To those wondering why southerners might flee into such desperate circumstances, it is worth looking at one of the consequences of Khartoum’s forcible imposition of shari’a (Islamic law) on southern women in greater Khartoum. A decaying institution called Maygoma is what can only be called a “baby dump,” a ghastly place where terrified unmarried southern women are forced to leave their infants for fear of punishment for adultery, a crime that carries a penalty of up to 100 lashes (a punishment easily fatal). The children brought to Maygoma are among the 100 abandoned on the streets of Khartoum every month. A dispatch from Hope and Homes for Children (July 19, 2004) describes the “dark and smelly corridors where 260 abandoned babies lie, their eyes staring blankly and their mouths usually silent. [ ] The young residents die like flies.”
This is but one of countless examples of the brutalized existence that the National Islamic Front has imposed on displaced southerners living in Khartoum—primarily in squalid camps that the regime steadily pushes further and further from Khartoum itself.
MILITARY ALARM BELLS IN THE SOUTH
Compounding the difficulty of making a genuine peace are increasingly ominous signs of Khartoum’s aggressive military preparations in southern Sudan. Extremely reliable regional sources, as well as SPLM sources, confirm that very recent barge movements into Juba were loaded primarily with military equipment and troops. New barge movements and convoys have also been reported moving into Malakal, again with military equipment and troops. Similarly, Nasir (Eastern Upper Nile) has received new armaments from Khartoum, including tanks and rocket-launchers. Yuai, an area controlled by one of Khartoum’s militia leaders, is now receiving military supplies several times a week. Highly authoritative reports, from the Verification and Monitoring Team (VMT) and other regional sources, continue to confirm Khartoum’s redeployment of Janjaweed militia forces from Darfur to Abeyi, Eastern Upper Nile, and Southern Blue Nile (the Damazin area in particular).
All of these movements of troops and military equipment, as well as the increasingly entrenched garrisoning of militia forces, are in clear and consequential violation of the October 15, 2002 cessation of hostilities agreement. We may be sure that none of these violations—relentlessly ignored by both the VMT and the ineffectual Civilian Protection Monitoring Team—will figure in the US State Department and Presidential determination. This in turn gives Khartoum strong encouragement to continue with such violations, which are steadily changing the military dynamic in southern Sudan. Instead of preparing for the withdrawal of forces, as stipulated in the September 2003 protocol on security arrangements, Khartoum gives every sign of trying to use military leverage to change the geography of southern Sudan.
Malakal and the Shilluk Kingdom of Central Upper Nile (where over 100,000 have been displaced and many killed) are particular targets; the UN Daily Press review (September 23, 2004) cites the Khartoum Monitor’s report that there have been fresh militia attacks on displaced persons, and that according to Bishop Vincent Majwok of the Catholic Diocese of Malakal, “the attacks are well coordinated and organized,” and “have recently burned to the ground both villages and crops” (UN Daily Press Review, September 23, 2004).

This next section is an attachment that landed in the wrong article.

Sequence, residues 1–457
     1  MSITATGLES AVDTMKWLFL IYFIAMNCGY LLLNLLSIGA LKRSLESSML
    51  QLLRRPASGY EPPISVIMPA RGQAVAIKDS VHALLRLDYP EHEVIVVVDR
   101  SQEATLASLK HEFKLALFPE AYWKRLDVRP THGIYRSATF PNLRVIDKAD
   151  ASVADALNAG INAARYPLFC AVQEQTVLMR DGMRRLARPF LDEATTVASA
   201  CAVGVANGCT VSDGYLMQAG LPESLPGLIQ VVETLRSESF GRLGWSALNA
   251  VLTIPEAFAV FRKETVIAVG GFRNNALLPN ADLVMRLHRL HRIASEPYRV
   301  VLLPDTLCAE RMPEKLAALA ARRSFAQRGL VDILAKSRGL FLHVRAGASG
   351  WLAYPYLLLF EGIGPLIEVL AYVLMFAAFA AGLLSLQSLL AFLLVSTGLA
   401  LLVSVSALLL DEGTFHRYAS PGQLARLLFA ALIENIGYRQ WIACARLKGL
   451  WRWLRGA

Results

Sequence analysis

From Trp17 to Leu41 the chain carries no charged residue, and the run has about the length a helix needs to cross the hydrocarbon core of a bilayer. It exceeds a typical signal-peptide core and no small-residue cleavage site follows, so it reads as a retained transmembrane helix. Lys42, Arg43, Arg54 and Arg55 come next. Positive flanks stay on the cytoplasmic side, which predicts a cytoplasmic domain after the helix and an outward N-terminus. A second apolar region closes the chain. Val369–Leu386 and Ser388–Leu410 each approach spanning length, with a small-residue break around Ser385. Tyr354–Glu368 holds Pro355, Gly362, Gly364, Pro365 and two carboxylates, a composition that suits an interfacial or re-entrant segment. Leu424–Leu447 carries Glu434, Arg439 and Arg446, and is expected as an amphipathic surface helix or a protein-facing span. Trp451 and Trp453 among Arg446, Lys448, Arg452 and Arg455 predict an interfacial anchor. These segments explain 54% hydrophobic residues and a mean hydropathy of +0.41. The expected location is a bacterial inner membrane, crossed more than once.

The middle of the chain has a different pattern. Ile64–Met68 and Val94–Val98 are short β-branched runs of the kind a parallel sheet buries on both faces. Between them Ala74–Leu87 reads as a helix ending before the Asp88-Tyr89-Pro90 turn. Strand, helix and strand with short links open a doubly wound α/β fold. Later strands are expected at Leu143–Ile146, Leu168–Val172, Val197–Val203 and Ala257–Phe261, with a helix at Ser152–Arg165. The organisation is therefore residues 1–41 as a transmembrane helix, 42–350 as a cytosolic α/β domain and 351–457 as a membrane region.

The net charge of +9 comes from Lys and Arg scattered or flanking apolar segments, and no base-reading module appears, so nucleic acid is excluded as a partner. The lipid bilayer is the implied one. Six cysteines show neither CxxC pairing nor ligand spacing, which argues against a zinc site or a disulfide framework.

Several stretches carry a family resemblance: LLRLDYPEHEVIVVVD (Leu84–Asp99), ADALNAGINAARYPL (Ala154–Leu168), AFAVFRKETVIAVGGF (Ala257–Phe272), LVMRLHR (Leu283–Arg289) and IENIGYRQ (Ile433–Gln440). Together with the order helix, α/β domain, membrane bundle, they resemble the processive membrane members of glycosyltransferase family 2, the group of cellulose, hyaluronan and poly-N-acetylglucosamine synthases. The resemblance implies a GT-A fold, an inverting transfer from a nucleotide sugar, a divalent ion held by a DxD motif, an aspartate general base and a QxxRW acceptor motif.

The oil regions of Eastern Upper Nile, where the Chinese-dominated “Petrodar” has created an extensive networks of roads with clear military potential, have received especially large infusions of weapons and troops, suggesting that Khartoum, if it can delay or simply ignore a peace agreement, is intent on absorbing this promising oil production area.
“NO WAR, NO PEACE” ENSURES WAR
The relentless expediency and lack of moral resolve characterizing UN and Western diplomatic engagement with Khartoum makes war more likely, not less likely. If genocide in Darfur is not sufficient to precipitate humanitarian intervention; if Khartoum senses that it may pick and choose between diplomatic venues as circumstances dictate; if the regime can slowly change the military dynamic in southern Sudan as Darfur is gradually destroyed; if the world allows delay, obfuscation, and duplicity to remain the primary tools governing Khartoum’s diplomacy; then we may expect that a regime that shows no concern for the African or marginalized populations of Sudan will continue to seek the moment of maximum military advantage in southern Sudan.
Unless a peace agreement between Khartoum and the SPLM is fully secured in the very near term, with a robust UN peace support operation at the ready and very substantial commitments to emergency transitional aid, war will resume on terms highly advantageous to Khartoum. The present human destruction in Darfur will again be mirrored in southern Sudan.
This is the nature of the National Islamic Front regime. It either faces coercive diplomacy, backed by credible threats of severe consequences—including regime change—or it will persist as it has during its entire fifteen years in power. There are those such as Mr. Beaumont of The Observer who are clearly willing to look on the “bright side of genocide”; the people of Sudan must pray that such moral myopia does not prevail.